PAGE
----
Parents never expect their child to predecease them, but that is what happened to Janice and Peter Read. Just three weeks before his 55th birthday, on the 2nd April 2018, their son Darren died. It was 52 days from diagnosis to his passing. Peter Read tells the story of his sons’ diagnosis and passing from cancer.
“Our son Darren and his wife Karyn had just returned home to Melbourne in October 2017, from a fabulous holiday in Canada, when Darren’s symptoms appeared.“
“Darren experienced feelings of intense lethargy, so much that he couldn’t focus at work. He firstly attributed the tiredness to a busy holiday schedule followed by a busy Christmas 2017.
“Straight after Christmas 2017, Darren noticed numerous small lumps under his left arm and in his upper chest. He went straight to the GP who carried out biopsies on the lumps. The results showed the lumps were melanomas.
From January 2018 onwards, Darren & Karyn’s life changed dramatically.
“Darren underwent further tests and treatments and learned the melanomas had metastasised to Darren’s brain. He underwent brain surgery on 20 February 2018.
“Regrettably, only 3 of 5 melanoma’s were able to be removed from Darren’s brain. It was hoped following recovery after the surgery, he could commence radiotherapy then immunotherapy to shrink the remaining melanomas.
“Disappointingly, after one week of radiotherapy treatment, Darren deteriorated rapidly. Further tests revealed the melanomas had spread even further throughout his body and showed even more vigorous development in his brain.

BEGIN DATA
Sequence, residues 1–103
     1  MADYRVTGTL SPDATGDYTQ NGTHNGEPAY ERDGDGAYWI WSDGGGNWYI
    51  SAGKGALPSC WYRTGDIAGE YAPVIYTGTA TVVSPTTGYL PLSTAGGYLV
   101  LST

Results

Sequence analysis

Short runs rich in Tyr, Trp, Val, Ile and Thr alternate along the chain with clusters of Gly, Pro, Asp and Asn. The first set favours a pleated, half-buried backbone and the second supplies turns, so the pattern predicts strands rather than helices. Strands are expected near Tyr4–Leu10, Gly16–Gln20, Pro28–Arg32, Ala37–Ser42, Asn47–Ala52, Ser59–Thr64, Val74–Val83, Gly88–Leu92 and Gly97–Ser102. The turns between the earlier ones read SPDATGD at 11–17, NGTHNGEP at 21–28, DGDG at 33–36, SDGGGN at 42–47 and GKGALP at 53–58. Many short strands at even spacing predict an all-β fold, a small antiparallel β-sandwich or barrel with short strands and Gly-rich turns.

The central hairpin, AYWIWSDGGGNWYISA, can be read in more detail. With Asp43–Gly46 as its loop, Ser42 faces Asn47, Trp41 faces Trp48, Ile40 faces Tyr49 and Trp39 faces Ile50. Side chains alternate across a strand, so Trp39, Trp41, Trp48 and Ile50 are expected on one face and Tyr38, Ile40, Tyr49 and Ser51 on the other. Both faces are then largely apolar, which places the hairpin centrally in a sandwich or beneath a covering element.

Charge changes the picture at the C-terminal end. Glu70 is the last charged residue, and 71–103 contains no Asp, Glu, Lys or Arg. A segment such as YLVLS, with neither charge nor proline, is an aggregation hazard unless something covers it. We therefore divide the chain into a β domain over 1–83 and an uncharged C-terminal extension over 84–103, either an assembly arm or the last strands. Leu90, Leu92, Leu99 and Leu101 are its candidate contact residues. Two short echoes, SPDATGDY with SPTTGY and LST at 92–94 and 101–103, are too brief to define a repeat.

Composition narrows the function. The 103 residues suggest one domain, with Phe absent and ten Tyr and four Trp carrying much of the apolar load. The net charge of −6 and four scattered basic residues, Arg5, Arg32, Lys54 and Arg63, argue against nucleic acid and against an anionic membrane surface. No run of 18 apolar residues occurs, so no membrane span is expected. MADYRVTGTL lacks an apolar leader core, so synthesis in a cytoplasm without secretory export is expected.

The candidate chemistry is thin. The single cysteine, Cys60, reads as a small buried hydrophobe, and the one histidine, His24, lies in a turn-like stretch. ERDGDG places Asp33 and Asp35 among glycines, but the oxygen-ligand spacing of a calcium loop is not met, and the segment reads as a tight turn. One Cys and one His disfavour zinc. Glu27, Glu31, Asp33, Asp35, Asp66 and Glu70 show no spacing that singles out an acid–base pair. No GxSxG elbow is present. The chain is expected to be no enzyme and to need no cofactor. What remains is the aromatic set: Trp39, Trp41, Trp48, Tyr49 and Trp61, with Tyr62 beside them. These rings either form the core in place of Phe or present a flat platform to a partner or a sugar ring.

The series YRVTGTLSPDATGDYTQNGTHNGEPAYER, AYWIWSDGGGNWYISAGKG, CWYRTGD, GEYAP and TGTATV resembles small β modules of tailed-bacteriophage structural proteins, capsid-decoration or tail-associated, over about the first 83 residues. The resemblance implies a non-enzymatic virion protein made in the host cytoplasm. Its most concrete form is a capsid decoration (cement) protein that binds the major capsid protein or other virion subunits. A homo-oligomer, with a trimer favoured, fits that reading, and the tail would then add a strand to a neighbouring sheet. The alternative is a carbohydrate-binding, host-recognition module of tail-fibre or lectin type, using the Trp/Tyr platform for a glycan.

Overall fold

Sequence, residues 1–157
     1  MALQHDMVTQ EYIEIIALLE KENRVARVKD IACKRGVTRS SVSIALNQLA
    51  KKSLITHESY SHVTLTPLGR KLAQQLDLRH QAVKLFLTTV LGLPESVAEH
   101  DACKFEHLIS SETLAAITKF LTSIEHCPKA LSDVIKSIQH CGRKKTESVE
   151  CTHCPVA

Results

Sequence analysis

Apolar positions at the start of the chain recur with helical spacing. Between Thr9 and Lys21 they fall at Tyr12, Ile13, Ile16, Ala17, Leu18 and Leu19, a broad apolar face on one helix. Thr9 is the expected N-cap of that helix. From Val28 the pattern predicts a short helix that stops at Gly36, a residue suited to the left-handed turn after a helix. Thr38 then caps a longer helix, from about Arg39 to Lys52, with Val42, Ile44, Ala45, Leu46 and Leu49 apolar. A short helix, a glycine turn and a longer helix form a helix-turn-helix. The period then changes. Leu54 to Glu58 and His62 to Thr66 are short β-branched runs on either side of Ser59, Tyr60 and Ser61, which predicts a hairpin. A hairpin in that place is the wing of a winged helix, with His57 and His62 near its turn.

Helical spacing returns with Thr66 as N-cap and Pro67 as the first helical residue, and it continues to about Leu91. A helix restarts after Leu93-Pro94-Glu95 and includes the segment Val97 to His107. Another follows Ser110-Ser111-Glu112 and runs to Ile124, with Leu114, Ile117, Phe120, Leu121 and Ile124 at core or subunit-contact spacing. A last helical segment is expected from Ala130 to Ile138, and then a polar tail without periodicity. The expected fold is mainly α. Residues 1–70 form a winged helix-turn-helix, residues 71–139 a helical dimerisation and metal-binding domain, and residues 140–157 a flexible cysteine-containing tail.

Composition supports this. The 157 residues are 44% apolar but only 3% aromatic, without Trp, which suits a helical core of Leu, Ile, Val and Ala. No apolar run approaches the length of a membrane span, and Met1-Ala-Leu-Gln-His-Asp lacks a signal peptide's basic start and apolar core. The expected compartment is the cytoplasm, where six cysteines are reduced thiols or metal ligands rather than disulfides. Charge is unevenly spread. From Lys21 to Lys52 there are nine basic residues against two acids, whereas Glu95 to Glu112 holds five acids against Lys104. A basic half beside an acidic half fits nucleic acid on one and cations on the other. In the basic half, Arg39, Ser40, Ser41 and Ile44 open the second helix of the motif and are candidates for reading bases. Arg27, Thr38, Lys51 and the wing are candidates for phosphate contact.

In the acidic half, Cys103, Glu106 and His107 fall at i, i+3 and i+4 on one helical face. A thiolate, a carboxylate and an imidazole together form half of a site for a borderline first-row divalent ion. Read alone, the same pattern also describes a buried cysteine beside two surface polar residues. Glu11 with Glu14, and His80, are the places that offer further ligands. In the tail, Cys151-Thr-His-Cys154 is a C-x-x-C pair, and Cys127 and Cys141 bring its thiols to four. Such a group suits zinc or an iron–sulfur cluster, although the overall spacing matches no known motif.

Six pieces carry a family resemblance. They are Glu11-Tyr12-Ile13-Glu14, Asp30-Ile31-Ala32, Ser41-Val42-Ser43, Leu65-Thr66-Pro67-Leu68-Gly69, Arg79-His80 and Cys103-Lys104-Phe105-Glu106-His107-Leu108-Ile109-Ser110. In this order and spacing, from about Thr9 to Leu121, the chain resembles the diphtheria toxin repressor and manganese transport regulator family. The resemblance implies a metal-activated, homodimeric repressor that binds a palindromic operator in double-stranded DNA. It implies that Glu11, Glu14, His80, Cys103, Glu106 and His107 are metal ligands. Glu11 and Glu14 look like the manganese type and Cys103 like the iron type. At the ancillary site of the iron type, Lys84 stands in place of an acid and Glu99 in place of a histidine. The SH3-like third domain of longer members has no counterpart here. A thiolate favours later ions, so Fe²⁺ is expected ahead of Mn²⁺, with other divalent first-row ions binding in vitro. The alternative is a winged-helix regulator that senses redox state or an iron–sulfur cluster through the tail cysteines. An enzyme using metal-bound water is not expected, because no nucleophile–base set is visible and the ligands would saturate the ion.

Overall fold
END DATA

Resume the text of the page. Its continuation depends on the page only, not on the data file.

Mr Read said the neurosurgeons and oncologists all agreed further surgery was not recommended. In late March 2018, Darren was transferred to palliative care where he passed eight days later.
Mr & Mrs Read spent two and half months prior to Darren’s death travelling from Adelaide to Melbourne, trying to process what was happening, while trying to support Karyn and spend precious time with Darren.
“Sadly, during this time, Darren exhibited the full effect of what brain cancer can do. Darren just wasn’t himself. Typical of patients with Melanomas’ that metastasise to the brain, his behaviour became illogical and erratic, before he lapsed into a coma and passed three days later,” Mr Read said.
“The most difficult aspect was knowing there was nothing that could be done to help Darren other than be with him.
“Our son’s death from cancer was, and still is, extremely painful for all of us, his wife, and his sister included. The speed with which events transpired, from diagnosis to his passing was almost too much to grasp.
“Today, we sincerely sympathise with those who have lost loved ones to cancer, and we are so grateful for the work of organisations like ACRF for their work funding research across Australia, for all cancers. “